6. ^ "Ole Miss won't forget old 'pine box' comments". Decatur Daily. October 26, 2007. 
  7. ^ "Tommy Tuberville Resigns As Head Football Coach At Auburn". AuburnTigers.com. December 3, 2008. Retrieved December 8, 2012. 
  8. ^ "Auburn AD: Tuberville's resignation a surprise". 
  9. ^ "Blue Plate Special: Tuberville on Auburn's opener | al.com". Blog.al.com. 2009-09-05. Retrieved 2010-10-12. 
  10. ^ "Ex-Auburn coach Tommy Tuberville expresses interest in Texas Tech Red Raiders job - ESPN". Sports.espn.go.com. 2009-12-31. Retrieved 2010-10-12. 
  11. ^ Source: Tommy Tuberville will be next Texas Tech Red Raiders coach, ESPN, January 9, 2010 
  12. ^ Harland, C. W. "Pete" (2011-03-20). "Tuberville wasn't first coach to win bowl in first Tech year". Lubbock Avalanche-Journal. p. A12. Retrieved 2011-03-27. 
  13. ^ "Football Season Ticket Sales Break Record". Texas Tech Today. 2010-08-25. Retrieved 2011-04-18. 
  14. ^ Myerberg, Paul (2012-11-10). "Tommy Tuberville gets physical with an assistant (GIF)". USA Today. Retrieved November 11, 2012. 
  15. ^ Schwab, Frank. "Tommy Tuberville says he was just trying to get assistant off the field when he yanked off his headset". Retrieved 14 December 2012. 
  16. ^ Kay, Joe (2012-12-09). "Tuberville takes Cincinnati post". Advocate (Baton Rouge). p. 5C. Retrieved 2012-12-09. 
  17. ^ Texas Tech hires Kliff Kingsbury. ESPN, 2012-12-12.
  18. ^ Kosmider, Nick (December 8, 2012). "Tuberville leaves Texas Tech for Cincinnati". Lubbock Avalanche-Journal. Retrieved December 8, 2012. 
  19. ^ Tommy Tuberville new Cincy coach. ESPN, 2012-12-08.
  20. ^ a b Kosmidier, Nick (2012-12-09). "Cincinnati, really?: Tuberville bolts Lubbock; stuns community, team". Lubbock Avalanche-Journal. pp. A1, A9. Retrieved 2012-12-13. 
  21. ^ http://grfx.cstv.com/photos/schools/cinn/sports/m-footbl/auto_pdf/2014-15/misc_non_event/14_fb_guide.pdf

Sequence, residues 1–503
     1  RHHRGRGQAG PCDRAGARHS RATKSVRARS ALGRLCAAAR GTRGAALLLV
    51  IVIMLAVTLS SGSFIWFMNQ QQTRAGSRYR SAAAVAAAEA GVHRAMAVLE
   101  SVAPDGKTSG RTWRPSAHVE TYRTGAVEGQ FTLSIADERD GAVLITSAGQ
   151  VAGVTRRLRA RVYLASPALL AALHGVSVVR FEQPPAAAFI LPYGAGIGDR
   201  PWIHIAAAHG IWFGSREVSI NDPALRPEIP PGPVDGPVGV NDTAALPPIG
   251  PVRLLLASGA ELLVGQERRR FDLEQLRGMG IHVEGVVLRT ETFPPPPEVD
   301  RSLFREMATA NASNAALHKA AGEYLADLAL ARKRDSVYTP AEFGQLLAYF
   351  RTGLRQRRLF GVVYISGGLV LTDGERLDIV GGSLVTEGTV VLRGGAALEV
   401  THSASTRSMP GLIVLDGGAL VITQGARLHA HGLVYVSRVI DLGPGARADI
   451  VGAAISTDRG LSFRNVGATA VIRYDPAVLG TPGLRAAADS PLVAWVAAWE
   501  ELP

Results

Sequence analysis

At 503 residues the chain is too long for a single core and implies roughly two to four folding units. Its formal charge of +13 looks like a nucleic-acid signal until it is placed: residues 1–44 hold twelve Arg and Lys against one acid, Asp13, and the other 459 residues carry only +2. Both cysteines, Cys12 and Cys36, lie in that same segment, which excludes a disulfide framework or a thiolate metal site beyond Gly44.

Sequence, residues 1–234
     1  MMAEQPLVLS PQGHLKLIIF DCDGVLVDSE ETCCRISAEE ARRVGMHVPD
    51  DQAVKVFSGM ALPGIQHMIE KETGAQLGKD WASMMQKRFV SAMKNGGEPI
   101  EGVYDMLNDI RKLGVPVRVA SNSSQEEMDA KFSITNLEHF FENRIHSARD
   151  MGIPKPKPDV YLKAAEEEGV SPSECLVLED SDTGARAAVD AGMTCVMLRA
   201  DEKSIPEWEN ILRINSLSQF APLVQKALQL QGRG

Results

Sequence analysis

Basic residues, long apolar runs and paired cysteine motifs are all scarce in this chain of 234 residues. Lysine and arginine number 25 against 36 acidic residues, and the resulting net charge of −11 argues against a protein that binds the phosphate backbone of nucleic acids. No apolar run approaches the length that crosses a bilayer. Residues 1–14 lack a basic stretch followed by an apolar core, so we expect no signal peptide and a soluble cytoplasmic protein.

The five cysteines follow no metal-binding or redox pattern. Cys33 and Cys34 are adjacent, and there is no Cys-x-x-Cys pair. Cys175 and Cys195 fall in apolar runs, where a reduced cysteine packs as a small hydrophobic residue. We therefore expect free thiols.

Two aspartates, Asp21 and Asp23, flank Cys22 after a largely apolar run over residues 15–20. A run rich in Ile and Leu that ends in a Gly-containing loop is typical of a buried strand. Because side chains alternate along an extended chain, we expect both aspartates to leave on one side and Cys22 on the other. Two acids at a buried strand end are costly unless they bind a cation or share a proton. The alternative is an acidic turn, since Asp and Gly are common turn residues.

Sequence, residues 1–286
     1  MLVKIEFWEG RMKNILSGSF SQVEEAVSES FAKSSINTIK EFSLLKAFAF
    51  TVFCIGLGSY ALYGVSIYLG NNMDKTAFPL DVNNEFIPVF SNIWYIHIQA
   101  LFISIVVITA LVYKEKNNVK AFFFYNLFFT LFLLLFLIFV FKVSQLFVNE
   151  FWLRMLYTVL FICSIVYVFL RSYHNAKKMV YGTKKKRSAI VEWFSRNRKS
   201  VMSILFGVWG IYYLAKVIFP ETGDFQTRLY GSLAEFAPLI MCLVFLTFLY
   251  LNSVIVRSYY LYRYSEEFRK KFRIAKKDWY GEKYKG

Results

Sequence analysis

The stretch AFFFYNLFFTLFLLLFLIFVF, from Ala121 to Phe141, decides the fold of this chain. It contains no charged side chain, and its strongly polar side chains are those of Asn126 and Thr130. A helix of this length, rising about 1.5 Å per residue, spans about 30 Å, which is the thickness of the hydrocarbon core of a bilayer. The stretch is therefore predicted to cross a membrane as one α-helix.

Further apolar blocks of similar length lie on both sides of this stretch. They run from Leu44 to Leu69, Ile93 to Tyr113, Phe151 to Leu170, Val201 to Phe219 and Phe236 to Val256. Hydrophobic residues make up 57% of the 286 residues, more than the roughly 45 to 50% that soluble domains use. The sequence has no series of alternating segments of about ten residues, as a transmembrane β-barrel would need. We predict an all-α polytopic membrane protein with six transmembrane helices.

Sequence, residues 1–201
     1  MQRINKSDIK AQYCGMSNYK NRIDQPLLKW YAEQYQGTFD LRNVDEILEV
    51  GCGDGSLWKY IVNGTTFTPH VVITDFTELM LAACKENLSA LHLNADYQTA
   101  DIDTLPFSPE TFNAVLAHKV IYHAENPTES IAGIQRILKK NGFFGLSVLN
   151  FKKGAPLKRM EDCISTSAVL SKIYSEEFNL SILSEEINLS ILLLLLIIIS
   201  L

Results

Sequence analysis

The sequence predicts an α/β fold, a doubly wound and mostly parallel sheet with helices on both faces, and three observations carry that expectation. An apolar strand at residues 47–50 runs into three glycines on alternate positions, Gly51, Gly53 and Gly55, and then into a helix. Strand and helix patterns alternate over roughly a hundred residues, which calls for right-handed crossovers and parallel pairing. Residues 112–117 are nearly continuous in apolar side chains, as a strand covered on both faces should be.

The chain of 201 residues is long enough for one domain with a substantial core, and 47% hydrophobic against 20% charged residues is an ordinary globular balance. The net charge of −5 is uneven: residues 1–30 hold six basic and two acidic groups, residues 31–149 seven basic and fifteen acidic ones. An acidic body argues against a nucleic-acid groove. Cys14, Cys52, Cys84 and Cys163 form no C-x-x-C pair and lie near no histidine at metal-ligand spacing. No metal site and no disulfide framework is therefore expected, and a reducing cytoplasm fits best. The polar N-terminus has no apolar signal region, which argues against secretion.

22. ^ a b Ritz, Jennifer (September–October 2010), Tommy Tuberville, Texas Techsan: The Magazine for Texas Tech Alumni 63 (05): 26 
  23. ^ Tommy Tuberville interviewed by Don Williams, Coach Tuberville talks about motivation, family, more in Lubbock Avalanche-Journal, 2010 January 17, pp. A1, A11; see also a juxtaposed interview which more concerned Tuberville's philosophy of football coaching: Tuberville interviewed by Williams, Tuberville: 'I always thought I could do anything' in Lubbock Avalanche-Journal, 2010 January 17, pp. A1, A11 (both sites accessed 2010 January 25). Tuberville expressed a fondness for catfish but said that in west Texas he would adjust to steak.
  24. ^ "Tuberville in ''Christian Chronicle''". Christianchronicle.org. 1995-08-20. Retrieved 2010-10-12. 
  25. ^ "Storybook Farm - Hope on Horseback". Story-book-farm.org. Retrieved 2008-12-04. 
  26. ^ Ritz, Jennifer (September–October 2010), Tommy Tuberville, Texas Techsan: The Magazine for Texas Tech Alumni 63 (05): 28 
  27. ^ http://blog.solidcounsel.com/2013/03/13/alabama-judge-rules-show-must-go-on-for-tommy-tuberville/
  28. ^ "Cincinnati's Tommy Tuberville settles fraud lawsuit". USA Today. 2013-10-10. 

External links[edit]